Another HRW report that same year, 2021, ran cover for Hamas by falsely denying that tunnels being used for military purposes ran under Gaza schools. Roth’s tweets have also blamed Israel for antisemitism directed at Diaspora Jews.

Shortly after the Atlantic delved into HRW’s fundraising practices, the group’s founder Robert Bernstein lamented in the New York Times:

Human Rights Watch had as its original mission to pry open closed societies, advocate basic freedoms and support dissenters. But recently it has been issuing reports on the Israeli-Arab conflict that are helping those who wish to turn Israel into a pariah state.

Bernstein further wrote that “Human Rights Watch has lost critical perspective,” on the conflict between Israel and the Palestinians.

But instead of looking back at his own conduct over many years, Roth, fully in character, took to the pages of the Guardian to blame Jewish donors to Harvard for the decision not to grant him the fellowship, even as he admitted that he has no real evidence for this claim. “As best we can tell, donor reaction was [Elmendorf’s] concern …. Elmendorf has not publicly defended his decision, so we can only surmise what happened,” he wrote (emphasis added). He continued, “did Elmendorf consult with these donors or assume that they would object to my appointment? We don’t know” (emphasis added).

Even the Nation, in its article on the issue, has conceded that “to this day, Elmendorf has given no indication of who may have objected to Roth’s presence at the school.”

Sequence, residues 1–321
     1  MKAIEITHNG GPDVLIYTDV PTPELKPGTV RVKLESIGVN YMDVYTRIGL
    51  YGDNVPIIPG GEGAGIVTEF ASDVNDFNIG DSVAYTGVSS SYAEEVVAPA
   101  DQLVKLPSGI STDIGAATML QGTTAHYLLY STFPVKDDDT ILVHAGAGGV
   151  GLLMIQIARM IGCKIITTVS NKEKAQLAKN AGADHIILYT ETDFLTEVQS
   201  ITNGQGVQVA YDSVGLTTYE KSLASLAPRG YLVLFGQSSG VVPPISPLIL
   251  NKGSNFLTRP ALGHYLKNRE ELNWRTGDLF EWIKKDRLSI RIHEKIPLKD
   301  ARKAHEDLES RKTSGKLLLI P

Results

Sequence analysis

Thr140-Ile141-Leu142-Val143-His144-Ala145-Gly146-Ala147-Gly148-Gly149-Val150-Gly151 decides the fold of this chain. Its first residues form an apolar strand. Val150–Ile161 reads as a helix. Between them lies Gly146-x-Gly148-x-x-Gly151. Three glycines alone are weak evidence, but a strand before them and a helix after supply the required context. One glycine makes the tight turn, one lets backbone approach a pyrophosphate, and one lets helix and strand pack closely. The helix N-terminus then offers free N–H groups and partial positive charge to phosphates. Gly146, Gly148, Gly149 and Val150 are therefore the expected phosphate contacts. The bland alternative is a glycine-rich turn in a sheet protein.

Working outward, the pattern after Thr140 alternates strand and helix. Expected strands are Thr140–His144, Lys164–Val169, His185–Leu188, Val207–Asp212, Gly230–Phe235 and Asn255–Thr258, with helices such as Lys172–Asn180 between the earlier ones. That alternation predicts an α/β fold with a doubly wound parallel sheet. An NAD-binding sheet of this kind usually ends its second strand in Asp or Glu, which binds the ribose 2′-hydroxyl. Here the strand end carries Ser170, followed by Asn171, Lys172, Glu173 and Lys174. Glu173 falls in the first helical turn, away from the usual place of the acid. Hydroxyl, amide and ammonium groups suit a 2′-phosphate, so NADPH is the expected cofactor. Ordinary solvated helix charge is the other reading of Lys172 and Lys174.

Kenneth RothIt’s also telling that Roth assumed that if there had been donor pressure, that it came specifically and exclusively from Jewish or pro-Israel donors. Roth recounts how he “explained [to Elmendorf] that the Chinese and Russian governments had personally sanctioned me.” Last April, the Harvard Crimson reported that the university had received $69.9 million in funding from sources within China between August of 2019 and April of 2022, a little under three years. “Harvard received 12.9 percent of the total funding given to American universities by Chinese sources — the most of any school.” But Chinese donors or business partners, we are meant to understand, expect nothing in return for their millions. It’s only the Jewish ones that nefariously expect influence. 

Is it really so inconceivable to Roth that the Kennedy Center Dean was himself critical of Roth and his organization’s long history of fabrications, distortions, and false allegations about Israel? Or that whatever Roth heard from his Carr Center contact might not have been the full story? That Elmendorf, on his own volition, felt that Roth would be a poor addition to Harvard’s team? But Roth’s reaction to his rejection is simply the latest iteration of his penchant for blaming the Jews first, and asking questions later.